In India, Parliament and other legislative bodies are often referred to as temples of democracy. In Madhya Pradesh, however, the temples of worship may now decide the destiny of temples of democracy.
In the ongoing panchayat elections in Madhya Pradesh, in a number of cases, the post of the sarpanch (village headman) has been handed over to someone who donates the highest amount for the local temple. It is not done illegally, though. The highest donor (or bidder) files his nomination papers before the election authorities and is elected unopposed. Madhya Pradesh is conducting polls to 23,000 village panchayats in three phases from December 22 to February 22. Many voters say the elections are not good for their community as they divide people.
Bhabua panchayat in Chhatarpur district, which borders Uttar Pradesh, has never seen an election of its village sarpanch in the last two decades. The panchayat consists of two villages, Bhabua with 1,500 voters and Rampur with 400 votes. The bidding process is simple. Aspirants are asked to pledge land or money to the village temple. Kamta Patel pledged five acres, outbidding two other contenders. His son Raghuvir has been made the consensus candidate and is likely to win.
“We don’t want any wastage of resources on elections and, later, fights among ourselves,” says Vrindavan Patel, a village elder. This year, however, there is a break in tradition. Bhaggu Patel, a former sarpanch, has decided to go against the voters of Bhabua with the help of the people in Rampur. While Bhabua is dominated by Patels belonging to the Kurmi community, the Yadavs are in majority in Rampur. With Bhabua voters backing Raghuvir, it is unlikely that Bhaggu Patel can cause an upset.
Villages like Bhabua are not exceptions. In Shivpuri district, two villages have elected their sarpanch in the same manner. Rachhi village elected Sitaram Yadav its sarpanch after he offered Rs10 lakh for the renovation of the local temple. In an open bid, aspirants were asked to declare how much money they could offer. Although many came forward, it was Sitaram who actually deposited the amount, which was the highest bid.
“Since Sitaram has pledged the highest amount, we have decided to give him the post. Once this is decided before our deity, nobody can run away from it,” says Kamal Singh Ojha, a villager. Local journalist Manoj Bhargava says although the village does not have pucca roads or a sewage system, people still want to build temples.
Digodhi is another village in the same block, where the same procedure was followed. On a Friday afternoon in December, people gathered at the Ram-Janki temple to auction the post of sarpanch. Vijay Dhakad, a villager, says while many people were ready to become sarpanch, the real fight was between Gopal Dhakad, who offered Rs10 lakh, and Ghanshyam Sharma, who offered Rs11 lakh. It was a high-voltage affair, with the bidders raising the offer with each passing round. Dhakad finally bid Rs11.25 lakh but Sharma beat him by quoting Rs12 lakh.
In Belgadha village in Gwalior district, four candidates from the majority Rawat community declared their intention to contest the election. Since the aspirants were from the same community, it was decided to amicably settle on one candidate through auction. Members of the community, along with the aspirants, gathered at the temple, where the highest bid was offered by Mujban Singh, son of former Congress MLA Pahad Singh. Mujban’s Rs15.10 lakh bid turned out to be the highest. But his wife will be the sarpanch, as the post is reserved for women here. It was decided at the auction that the amount would be spent on the two Hanuman temples in the villages of Belgadha and Jakhbar.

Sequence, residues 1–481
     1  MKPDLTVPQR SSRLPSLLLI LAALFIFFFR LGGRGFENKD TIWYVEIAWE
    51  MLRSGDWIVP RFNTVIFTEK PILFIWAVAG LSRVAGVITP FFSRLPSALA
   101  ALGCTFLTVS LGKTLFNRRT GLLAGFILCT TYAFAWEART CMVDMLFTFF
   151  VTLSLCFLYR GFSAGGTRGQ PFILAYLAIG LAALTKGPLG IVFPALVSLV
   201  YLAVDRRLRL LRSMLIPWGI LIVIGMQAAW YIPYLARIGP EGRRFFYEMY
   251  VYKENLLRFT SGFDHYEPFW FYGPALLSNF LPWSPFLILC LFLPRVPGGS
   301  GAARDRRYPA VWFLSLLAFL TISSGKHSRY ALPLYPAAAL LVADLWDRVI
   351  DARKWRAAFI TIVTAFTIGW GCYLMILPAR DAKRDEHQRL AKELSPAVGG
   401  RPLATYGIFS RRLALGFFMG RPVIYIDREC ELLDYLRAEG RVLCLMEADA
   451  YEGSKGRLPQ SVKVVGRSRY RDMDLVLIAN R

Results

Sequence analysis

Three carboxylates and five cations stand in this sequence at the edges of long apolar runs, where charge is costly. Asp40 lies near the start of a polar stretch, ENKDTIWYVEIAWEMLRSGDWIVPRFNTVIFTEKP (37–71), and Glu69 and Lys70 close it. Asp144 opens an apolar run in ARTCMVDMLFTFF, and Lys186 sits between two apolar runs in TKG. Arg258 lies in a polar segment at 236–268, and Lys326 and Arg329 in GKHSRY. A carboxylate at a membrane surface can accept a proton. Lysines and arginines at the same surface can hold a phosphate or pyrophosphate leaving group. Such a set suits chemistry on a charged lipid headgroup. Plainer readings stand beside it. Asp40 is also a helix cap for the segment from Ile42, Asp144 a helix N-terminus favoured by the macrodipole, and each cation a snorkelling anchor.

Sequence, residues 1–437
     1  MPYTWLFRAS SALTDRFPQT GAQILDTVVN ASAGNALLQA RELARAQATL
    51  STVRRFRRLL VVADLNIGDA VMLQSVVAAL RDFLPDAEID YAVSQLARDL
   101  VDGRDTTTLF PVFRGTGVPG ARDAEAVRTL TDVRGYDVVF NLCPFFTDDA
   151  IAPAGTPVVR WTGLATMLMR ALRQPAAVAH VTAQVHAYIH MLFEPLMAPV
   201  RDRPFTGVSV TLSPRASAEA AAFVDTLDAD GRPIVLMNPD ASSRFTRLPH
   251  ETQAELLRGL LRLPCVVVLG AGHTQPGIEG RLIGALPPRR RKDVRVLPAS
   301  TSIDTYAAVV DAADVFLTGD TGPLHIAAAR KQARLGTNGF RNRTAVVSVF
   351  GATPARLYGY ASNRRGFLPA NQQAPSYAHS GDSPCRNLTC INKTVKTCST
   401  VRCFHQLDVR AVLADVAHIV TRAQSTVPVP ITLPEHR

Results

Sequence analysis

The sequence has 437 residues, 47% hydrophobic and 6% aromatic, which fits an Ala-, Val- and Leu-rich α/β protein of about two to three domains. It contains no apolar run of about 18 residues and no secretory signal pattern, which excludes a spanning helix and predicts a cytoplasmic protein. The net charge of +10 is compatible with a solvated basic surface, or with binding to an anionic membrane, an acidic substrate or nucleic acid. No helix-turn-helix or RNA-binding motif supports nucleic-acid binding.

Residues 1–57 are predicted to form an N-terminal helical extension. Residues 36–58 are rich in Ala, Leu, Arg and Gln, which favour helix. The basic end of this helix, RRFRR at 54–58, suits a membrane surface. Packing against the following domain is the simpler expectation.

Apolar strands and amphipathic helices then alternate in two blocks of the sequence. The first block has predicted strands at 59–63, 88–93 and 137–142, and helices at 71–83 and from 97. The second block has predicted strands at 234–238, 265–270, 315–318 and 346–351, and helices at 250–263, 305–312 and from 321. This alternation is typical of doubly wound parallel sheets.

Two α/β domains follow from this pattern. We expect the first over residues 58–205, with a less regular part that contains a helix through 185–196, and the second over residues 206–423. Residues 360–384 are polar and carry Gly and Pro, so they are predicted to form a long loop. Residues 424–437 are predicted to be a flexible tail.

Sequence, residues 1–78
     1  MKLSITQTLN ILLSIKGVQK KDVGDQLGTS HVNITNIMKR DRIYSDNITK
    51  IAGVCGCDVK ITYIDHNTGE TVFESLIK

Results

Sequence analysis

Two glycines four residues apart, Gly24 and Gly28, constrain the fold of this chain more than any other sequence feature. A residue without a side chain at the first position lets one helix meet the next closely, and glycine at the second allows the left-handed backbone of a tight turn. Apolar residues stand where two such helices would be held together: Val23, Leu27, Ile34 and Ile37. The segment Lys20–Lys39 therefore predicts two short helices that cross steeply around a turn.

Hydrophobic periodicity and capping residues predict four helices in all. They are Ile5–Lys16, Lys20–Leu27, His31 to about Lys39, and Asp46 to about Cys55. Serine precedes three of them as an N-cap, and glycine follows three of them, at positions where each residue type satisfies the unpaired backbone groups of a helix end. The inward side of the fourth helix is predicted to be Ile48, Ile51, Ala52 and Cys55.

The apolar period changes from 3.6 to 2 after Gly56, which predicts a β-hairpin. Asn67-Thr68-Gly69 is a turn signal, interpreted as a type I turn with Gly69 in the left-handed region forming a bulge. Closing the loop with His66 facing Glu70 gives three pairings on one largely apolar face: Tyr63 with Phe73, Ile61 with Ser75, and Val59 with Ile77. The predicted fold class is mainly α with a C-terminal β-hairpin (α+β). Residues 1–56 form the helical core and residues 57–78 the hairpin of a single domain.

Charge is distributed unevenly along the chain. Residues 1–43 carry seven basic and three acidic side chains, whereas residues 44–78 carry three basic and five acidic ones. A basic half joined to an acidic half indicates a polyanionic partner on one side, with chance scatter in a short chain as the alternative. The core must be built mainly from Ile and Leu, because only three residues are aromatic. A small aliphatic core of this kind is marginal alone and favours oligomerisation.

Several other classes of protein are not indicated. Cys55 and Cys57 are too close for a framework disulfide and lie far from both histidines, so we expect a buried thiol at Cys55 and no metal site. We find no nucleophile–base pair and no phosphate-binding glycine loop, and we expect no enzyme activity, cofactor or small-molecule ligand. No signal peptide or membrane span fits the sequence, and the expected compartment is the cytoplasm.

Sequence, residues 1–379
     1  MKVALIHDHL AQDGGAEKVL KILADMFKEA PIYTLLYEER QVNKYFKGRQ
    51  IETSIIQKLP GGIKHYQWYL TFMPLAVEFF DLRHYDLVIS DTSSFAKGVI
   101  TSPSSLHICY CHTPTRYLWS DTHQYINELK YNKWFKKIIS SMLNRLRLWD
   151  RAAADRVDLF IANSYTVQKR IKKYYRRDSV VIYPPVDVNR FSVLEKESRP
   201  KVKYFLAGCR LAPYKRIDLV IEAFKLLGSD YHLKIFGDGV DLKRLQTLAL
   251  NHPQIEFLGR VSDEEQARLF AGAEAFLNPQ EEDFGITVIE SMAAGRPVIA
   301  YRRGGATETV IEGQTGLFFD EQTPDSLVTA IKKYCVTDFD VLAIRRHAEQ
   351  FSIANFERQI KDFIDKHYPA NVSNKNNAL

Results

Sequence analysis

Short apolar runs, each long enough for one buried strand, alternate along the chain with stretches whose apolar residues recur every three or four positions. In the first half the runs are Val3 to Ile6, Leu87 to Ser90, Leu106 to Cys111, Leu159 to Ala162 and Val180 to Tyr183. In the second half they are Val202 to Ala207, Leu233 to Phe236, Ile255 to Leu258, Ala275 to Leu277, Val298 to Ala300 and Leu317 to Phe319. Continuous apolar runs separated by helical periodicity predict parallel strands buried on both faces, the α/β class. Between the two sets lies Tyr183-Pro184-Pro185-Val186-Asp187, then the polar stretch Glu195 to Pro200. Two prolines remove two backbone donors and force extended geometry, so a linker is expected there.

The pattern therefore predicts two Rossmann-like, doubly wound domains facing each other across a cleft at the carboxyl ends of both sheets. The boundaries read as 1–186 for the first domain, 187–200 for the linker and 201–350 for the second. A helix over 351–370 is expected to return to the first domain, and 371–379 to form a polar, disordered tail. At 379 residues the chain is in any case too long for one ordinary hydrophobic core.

In the neighbouring Guna district, Patondi village elected its sarpanch through an auction for Rs11.53 lakh; Aranya panchayat did it for Rs9.51 lakh. In both these villages, the money will go to the renovation of village temples. In Baneh panchayat, Ramchandra Dhakad ‘donated’ land worth Rs17.50 lakh to the village temple to make his daughter-in-law Rajkumari the sarpanch. He also distributed sugarcane worth Rs4 lakh among the villagers.
In Mevli panchayat of Bhind district, located in the ravines of Chambal, Hanumant Singh and three others filed nominations for the post of sarpanch. Just before the deadline for withdrawal of nominations, the village elders called the contestants to the village temple and declared that whoever gave two bighas of land to the village temple would be elected unopposed. Only Hanumant Singh agreed to it and he was elected sarpanch.
In Borda Gurjar village of Ujjain district, there were seven contestants. The village elders here decided to elect a person who would build a temple. An auction was held, where the bid opened at Rs2 lakh and closed at Rs17 lakh. Jeevan Singh Ansal, 25, was elected unopposed, and Rs17 lakh was deposited in the temple fund.
In Pandhri panchayat of Indergarh in Datia district, Raghvendra Yadav bought the post of sarpanch for Rs28 lakh and ‘gifted’ it to his aunt Chanda Yadav. Dhabla panchayat in Mandsaur district selected Dhule Singh as the consensus candidate for Rs8 lakh. In 2005, the post of sarpanch here was auctioned for Rs75,000. Yogendra Joshi, a social worker, has filed a complaint with the election authorities saying this is against the election rules.
“Any kind of threat or lure is against the rules,” said R. Parasuram, state election commissioner. “A case can be registered if a complaint is made.”
Auctions apart, there are other methods to elect a candidate unopposed. In Sukhwah panchayat of Seoni district, which had three aspirants, a mock poll was conducted at the local anganwadi building. The candidate who got the highest number of votes was made the consensus candidate, and was elected unopposed.
Interestingly, all panchayats who elect their sarpanches unopposed are eligible for Rs5 lakh as per a government scheme.
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